The authors compared risk-reducing mastectomy with breast cancer screening every 6 months after ovarian cancer diagnosis.

The investigators also assessed the treatments through the incremental cost-effectiveness ratio. Interventions where the ratio is less than $100,000 per year of life saved were considered cost-effective.

The benefit of mastectomy over screening alone was observed to depend on the patient’s age at time of diagnosis and time to mastectomy.

For patients diagnosed at any age with BRCA 1 and 2 mutations, prophylactic mastectomy within 4 years of diagnosis was not found to be cost-effective due to limited gains in survival, according to the study.

For patients diagnosed at 60 years and older, survival gain was also limited with prophylactic mastectomy. The authors concluded that the procedure was not cost-effective in these patients, regardless of time since diagnosis.

For patients with the BRCA mutations who were diagnosed at age 40 to 50 years, prophylactic mastectomy at least 5 years after ovarian cancer diagnosis was linked to a survival benefit of 2 to 5 months compared with screening, according to the study. This treatment was found to be cost-effective, the authors noted.

“Our study provides clarity on how a woman’s age and timing of a risk-reducing mastectomy after an ovarian cancer diagnosis impact the benefit of this procedure,” Dr Gamble said. “Within the first 5 years, nobody benefitted from risk-reducing mastectomy and after that threshold, survival gains were seen mostly in the youngest, healthiest ovarian cancer patients.”

These results suggest that prophylactic mastectomy may not be the best treatment route for a majority of ovarian cancer survivors with BRCA mutations.

“There is no right or wrong answer on how to manage breast cancer risk in this unique population,” said senior author Rachel Greenup, MD. “However, we hope that our findings provide guidance to women and their doctors deciding if and when prophylactic mastectomy is beneficial following ovarian cancer treatment.”

To read this entire article on Speciality Pharmacy Times, please click here.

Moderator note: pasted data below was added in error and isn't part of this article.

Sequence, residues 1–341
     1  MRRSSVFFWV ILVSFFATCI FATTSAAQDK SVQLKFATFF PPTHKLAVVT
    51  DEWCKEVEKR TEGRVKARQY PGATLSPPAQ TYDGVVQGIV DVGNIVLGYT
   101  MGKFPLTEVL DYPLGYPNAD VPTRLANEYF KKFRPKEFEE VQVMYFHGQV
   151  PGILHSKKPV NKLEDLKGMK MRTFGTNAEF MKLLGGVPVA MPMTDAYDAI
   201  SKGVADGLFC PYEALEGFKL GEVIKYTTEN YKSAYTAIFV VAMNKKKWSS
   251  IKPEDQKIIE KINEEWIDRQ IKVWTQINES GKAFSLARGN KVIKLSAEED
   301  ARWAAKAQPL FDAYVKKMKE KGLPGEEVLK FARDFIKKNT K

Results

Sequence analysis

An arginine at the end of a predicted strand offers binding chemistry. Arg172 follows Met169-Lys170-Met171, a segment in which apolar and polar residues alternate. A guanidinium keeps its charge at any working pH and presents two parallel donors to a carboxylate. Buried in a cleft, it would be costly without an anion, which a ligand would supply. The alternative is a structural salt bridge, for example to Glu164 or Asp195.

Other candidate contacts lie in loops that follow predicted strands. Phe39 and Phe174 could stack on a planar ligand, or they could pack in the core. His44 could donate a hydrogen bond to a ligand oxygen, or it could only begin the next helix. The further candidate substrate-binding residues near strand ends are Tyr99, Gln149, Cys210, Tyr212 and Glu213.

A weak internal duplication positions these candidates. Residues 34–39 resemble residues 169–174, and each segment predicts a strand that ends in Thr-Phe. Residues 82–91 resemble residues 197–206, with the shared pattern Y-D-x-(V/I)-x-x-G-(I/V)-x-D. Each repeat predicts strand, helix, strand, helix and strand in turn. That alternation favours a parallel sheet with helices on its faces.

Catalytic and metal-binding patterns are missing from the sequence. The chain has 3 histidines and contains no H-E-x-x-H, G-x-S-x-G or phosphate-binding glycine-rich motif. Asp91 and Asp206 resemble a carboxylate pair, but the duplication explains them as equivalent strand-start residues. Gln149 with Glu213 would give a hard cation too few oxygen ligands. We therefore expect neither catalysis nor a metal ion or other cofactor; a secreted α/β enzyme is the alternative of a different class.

Loss of Heterozygosity in BRCA Gene May Influence Survival in Breast and Ovarian Cancers

Loss of Heterozygosity in BRCA Gene May Influence Survival in Breast and Ovarian CancersResearchers in the Perelman School of Medicine at the University of Pennsylvania have found a relationship between the genetics of tumors with germline BRCA1/2mutations—and whether the tumor retains the normal copy of the BRCA1/2 gene—and risk for primary resistance to a common chemotherapy that works by destroying cancer cells’ DNA.  The team published their findings in a paper by Maxwell et al in Nature Communications.

Researchers estimate that 5% of breast cancers and 20% of ovarian cancers are attributable to germline mutations in BRCA1 and BRCA2.

There are many reasons patients may be resistant to treatment: the immune system, the complex landscape of a tumor, or a patient’s own genes can all play a role. Without explicitly looking for it, the Penn team found another mechanism of resistance to a standard treatment for patients with BRCA-associated cancers. “Our primary question was not aimed at evaluating resistance to therapy, but we did end up there,” said senior author Katherine Nathanson, MD, Deputy Director of the Abramson Cancer Center and Director of Geneticsat the Basser Center for BRCA.

Her group evaluated the genetic profiles of 160 breast and ovarian cancers associated with germline mutations in BRCA1 and BRCA2, in the largest study of these tumors to date. They were interested in determining what types of secondary, additional changes occur in primary BRCA1/2 germline mutation-associated cancers that might act in concert with mutant BRCA1 and BRCA2 to drive the cancers.

Study Findings

The team evaluated how frequently the nonmutated version of the gene lost its function in concert with the original BRCA1/2 germline mutation-associated cancers. This double-hit status is called “loss of heterozygosity,” or LOH, to signify that both versions of the normal BRCA gene have been hobbled.

Historically, it had been thought that all tumors associated with germline BRCA1/2 mutations experience LOH. The investigators were surprised to find that was not the case in a surprisingly large percentage of patients. In addition, they found that other genetic and clinical features of patients whose tumors did not undergo LOH (LOH–negative) were significantly different from those that did undergo LOH (LOH–positive).

Notably, they evaluated the overall survival of patients with ovarian tumors with and without loss of heterozygosity. LOH–negative status was associated with worse overall survival in ovarian cancer patients treated with platinum chemotherapy, with a median of 39 months compared to 71 months in the LOH–positive group who received the same treatment.

The researchers believe the patients with LOH–negative tumors (those with one working copy of BRCA1 or BRCA2 and the other copy carrying the germline mutation) had tumor cells that could still repair the chemotherapy-induced DNA damage in order to survive. In contrast, the investigators surmise that the LOH–positive group (with both gene copies disabled) responded better to the same therapy because their tumor cells died more readily.

“Identifying the LOH status of BRCA1/2 carriers may be useful to predict who might be at risk for primary resistance to DNA-damaging agents such as platinum, which has important implications for treatment of patients with these mutations,” said the study’s first author Kara N. Maxwell, MD, PhD, Instructor of Hematology/Oncology at Penn. “We only need to determine the LOH at a specific gene’s location, which is more cost-effective than sequencing a patient’s whole genome, for example, and compatible with standard testing.”